Hello all from lovely Sri Lanka!
I am sitting here in a multicolored moomoo nightgown, munching pomegranate seeds and watching yellow geckos scurry across the wall. The wave are crashing outside my window and the streets of Colombo are settling in for the night. So in fewer words: happiness. Sri Lanka is an incredibly endearing place, I cannot even begin to explain the surprise I have gone through upon arrival. Although I love India for many reasons, Sri Lanka seems to have all of the beauties of the subcontinent without many of its difficulties. I think it is something about Sri Lanka being an island—everyone is a bit more mellow. The fact 80 percent of the nation is Buddhist may also contribute to that sense of serenity, even amongst the clamor and smog of the city.
The past week I have been kept very busy with Fulbright lectures security briefings, finding a place to live, getting a banks account set up and socializing with the 8 other wonderful Fulbright kin. I’ve been commuting between Kandy, where I will be living, and Colombo, where we are taking intensive language training on the weekends. The train ride to Kandy is one of the most phenomenal rides I have been on, with train tracks built in 1847 and a wheezing train winding its way up the hillsides. Emerging out of the seaside town of Colombo reminds me of the stories my grandma used to tell me before bed of Pete and Patty and how they would rise above the clouds into “lala land”-- that is how Kandy feels. The whole town is blanketed by a quilt of green velvet. Kandy itself, although a city, is much more manageable than Colombo. With charming British buildings dotting the road and a lake built in the center of the town, where the Temple of the Tooth (allegedly the location of Buddha’s tooth) floats on the river bank.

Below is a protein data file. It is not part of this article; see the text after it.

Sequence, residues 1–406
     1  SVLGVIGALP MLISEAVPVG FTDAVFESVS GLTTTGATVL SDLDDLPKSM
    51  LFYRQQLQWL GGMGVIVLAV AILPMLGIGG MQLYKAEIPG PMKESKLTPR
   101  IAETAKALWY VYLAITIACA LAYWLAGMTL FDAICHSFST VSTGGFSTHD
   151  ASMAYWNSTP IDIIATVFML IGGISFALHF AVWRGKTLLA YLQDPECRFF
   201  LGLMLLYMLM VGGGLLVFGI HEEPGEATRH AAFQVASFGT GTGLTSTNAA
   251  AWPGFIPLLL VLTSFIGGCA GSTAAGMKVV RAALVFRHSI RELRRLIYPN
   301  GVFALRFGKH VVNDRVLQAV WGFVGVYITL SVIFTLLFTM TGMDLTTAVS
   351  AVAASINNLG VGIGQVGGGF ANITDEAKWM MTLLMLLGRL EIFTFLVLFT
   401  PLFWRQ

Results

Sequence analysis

Having recently returned from the somewhat atheistic approach towards Buddhism in Japan, I have been pleasantly surprised (and relieved) by how prevalent and practiced Buddhism is here. Although there are the pray-and-go type Buddhist, who go to the temple, lock their hands, pray, throw a few coins at the Buddha’s statue and go, there are also many people who stay and meditate along the temple walls. For selfish reasons, this makes me very happy (finally in a place where meditation is around!) and for academic reasons, this is fantastic. A smiling monk in red or saffron robes scuttling between the streets puddles and traffic is a common sight.
For the next month I plan on focusing on learning the language, applying to graduate programs and learning about the new software I bought for my project…afterwards I hope to start conducting research. I still have not met my contact at the University of Peridineya, but I have met many helpful people through Fulbright, including a Fulbrighter who has returned to the country to complete some work with women nuns, known here as Bhikkhunis. I am so happy to have met her and we’ve been collaborating about places where I may be able to conduct research. I’ve decided that I want to work primarily with women, for cultural reasons, so this is a fantastic encounter. I feel like I’ve been floating around the past week and things are just falling into place. I don’t want to communicate an artificial sense of ease here, considering it still takes twice as long to get absolutely anything done, but I guess what I am trying to say is being here just feels right. And with that, I am grateful.
I hope everyone is well back home and despite the distance I am still thinking of you all.